Response-response Relationship

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Unknown.

Time-scale

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The timescale is dependent on availability of alternative energy reserves including glycogen and fatty acids to support systemic energy metabolism.

Known modulating factors

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Availability of alternative energy substrates may chance the dynamics of this KER.

Known Feedforward/Feedback loops influencing this KER

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Ketogenesis diminishes after transition from a fasted state to a fed state.

Domain of Applicability

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This KER is generally applicable to animal systems.

References

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Cahill GF, Jr. Fuel metabolism in starvation. Annu Rev Nutr 2006, 26:1-22.

Felig P, Pozefsky T, Marliss E, Cahill GF, Jr.: Alanine: key role in gluconeogenesis. Science 1970A, 167(3920):1003-1004.

Felig P, Marliss E, Pozefsky T, Cahill GF, Jr.: Amino acid metabolism in the regulation of gluconeogenesis in man. Am J Clin Nutr 1970B, 23(7):986-992.

Kashiwaya Y, Sato K, Tsuchiya N, Thomas S, Fell DA, Veech RL, Passonneau JV: Control of glucose utilization in working perfused rat heart. J Biol Chem 1994, 269(41):25502-25514.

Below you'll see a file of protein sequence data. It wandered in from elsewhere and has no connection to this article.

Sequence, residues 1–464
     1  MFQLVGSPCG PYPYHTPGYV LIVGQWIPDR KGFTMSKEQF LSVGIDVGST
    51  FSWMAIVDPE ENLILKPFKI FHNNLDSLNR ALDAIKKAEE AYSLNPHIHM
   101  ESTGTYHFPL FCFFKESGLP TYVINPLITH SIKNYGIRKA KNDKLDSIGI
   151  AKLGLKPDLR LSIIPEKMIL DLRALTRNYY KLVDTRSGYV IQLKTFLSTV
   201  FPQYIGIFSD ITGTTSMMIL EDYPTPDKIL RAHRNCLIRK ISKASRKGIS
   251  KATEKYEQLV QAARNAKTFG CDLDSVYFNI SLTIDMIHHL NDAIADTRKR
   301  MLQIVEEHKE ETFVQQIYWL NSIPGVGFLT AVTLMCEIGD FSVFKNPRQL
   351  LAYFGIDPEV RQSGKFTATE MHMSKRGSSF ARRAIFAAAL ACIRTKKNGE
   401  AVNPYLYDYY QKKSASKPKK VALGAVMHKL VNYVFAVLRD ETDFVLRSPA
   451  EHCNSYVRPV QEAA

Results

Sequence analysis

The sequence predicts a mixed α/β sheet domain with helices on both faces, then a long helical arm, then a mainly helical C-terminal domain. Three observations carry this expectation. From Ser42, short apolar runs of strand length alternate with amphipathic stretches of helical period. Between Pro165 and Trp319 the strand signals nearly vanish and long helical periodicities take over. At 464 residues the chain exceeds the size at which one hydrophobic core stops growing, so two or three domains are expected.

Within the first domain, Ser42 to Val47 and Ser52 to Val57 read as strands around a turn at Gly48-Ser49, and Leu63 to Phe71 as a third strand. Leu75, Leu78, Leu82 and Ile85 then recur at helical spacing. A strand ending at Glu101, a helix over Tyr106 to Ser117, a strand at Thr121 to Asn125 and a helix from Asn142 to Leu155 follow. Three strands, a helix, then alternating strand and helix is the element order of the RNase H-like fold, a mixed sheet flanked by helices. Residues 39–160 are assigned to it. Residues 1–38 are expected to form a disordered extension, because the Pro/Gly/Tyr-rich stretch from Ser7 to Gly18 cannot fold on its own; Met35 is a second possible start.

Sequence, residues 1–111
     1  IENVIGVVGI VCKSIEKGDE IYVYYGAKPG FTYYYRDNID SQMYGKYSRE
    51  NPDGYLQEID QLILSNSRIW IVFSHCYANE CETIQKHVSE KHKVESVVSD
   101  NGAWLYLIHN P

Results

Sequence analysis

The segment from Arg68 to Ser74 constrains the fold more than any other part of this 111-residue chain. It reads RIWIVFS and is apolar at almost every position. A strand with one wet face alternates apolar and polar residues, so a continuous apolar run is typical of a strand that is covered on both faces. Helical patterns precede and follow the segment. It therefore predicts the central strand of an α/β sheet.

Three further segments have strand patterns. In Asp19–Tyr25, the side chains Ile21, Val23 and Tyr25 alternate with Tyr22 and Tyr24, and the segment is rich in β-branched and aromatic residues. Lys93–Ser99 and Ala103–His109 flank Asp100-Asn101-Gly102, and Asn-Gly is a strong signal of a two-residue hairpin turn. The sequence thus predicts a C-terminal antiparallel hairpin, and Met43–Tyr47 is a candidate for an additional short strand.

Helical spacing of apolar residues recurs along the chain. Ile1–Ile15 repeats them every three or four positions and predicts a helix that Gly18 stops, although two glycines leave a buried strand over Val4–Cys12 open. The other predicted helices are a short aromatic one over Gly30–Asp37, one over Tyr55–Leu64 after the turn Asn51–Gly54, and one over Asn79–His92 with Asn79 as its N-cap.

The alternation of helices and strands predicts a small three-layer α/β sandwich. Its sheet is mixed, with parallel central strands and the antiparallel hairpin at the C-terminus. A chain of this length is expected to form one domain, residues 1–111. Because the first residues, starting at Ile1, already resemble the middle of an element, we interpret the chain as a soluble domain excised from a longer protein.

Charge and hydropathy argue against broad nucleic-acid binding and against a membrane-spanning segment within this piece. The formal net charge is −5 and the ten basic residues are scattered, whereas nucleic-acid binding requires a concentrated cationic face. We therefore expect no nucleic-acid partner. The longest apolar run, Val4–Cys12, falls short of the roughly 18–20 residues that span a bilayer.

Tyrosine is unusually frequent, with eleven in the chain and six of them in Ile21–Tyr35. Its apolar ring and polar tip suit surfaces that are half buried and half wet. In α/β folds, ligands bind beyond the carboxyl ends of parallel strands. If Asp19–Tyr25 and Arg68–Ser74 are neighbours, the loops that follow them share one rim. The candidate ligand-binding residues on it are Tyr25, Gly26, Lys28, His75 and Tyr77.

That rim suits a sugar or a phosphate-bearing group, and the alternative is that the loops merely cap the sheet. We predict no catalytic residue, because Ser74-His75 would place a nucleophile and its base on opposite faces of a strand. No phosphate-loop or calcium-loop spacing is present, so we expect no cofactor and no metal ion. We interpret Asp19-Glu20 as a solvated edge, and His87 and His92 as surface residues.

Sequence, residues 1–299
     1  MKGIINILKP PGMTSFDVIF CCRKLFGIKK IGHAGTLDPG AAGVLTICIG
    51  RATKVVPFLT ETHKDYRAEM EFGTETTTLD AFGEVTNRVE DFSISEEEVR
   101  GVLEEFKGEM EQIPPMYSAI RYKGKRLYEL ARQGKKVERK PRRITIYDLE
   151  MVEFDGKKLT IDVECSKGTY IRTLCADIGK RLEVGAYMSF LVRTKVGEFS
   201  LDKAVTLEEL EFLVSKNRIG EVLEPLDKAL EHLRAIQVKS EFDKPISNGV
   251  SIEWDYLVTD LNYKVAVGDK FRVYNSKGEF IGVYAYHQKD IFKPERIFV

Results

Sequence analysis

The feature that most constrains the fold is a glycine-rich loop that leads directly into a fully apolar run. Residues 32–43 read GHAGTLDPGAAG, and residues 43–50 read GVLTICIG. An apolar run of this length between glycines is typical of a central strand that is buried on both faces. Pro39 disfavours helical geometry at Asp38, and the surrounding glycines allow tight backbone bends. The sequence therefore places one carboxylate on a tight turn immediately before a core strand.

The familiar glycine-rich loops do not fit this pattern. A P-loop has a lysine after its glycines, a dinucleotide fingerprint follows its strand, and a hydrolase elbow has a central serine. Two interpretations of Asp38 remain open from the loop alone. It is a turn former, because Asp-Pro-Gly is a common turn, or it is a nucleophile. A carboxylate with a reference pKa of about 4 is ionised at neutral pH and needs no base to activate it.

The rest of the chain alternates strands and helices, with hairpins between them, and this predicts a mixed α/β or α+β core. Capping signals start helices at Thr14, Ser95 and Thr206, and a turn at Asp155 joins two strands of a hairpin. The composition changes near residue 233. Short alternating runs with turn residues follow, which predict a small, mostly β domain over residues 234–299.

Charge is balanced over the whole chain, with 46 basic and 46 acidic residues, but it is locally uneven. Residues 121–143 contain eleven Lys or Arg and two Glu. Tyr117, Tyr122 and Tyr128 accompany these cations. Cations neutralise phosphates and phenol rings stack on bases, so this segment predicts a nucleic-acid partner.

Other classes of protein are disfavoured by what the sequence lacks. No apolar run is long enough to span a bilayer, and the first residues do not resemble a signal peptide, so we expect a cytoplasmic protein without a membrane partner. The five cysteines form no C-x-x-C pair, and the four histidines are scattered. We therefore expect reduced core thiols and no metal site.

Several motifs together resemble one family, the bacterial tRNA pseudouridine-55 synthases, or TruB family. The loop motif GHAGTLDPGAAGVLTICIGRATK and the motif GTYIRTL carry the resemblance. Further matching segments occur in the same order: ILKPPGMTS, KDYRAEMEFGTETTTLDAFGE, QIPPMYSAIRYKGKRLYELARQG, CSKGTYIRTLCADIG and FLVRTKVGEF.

Marliss EB, Aoki TT, Pozefsky T, Most AS, Cahill GF: Muscle and splanchnic glutamine and glutamate metabolism in postabsorptive and starved man. J Clin Invest 1971, 50(4):814-817.

Martin TE: Food as a limit on breeding birds: a life-history perspective. Annu Rev Ecol Syst 1987:453-487.

Muoio, D.M., MacLean, P.S., Lang, D.B., Li, S., Houmard, J.A., Way, J.M., Winegar, D.A., Corton, J.C., Dohm, G.L., Kraus, W.E., 2002. Fatty acid homeostasis and induction of lipid regulatory genes in skeletal muscles of peroxisome proliferator-activated receptor (PPAR) alpha knock-out mice. Evidence for compensatory regulation by PPAR delta. J. Biol. Chem. 277, 26089-26097.

Nisbet R, Muller E, Lika K, Kooijman S: From molecules to ecosystems through dynamic energy budget models. J Anim Ecol 2000, 69(6):913-926.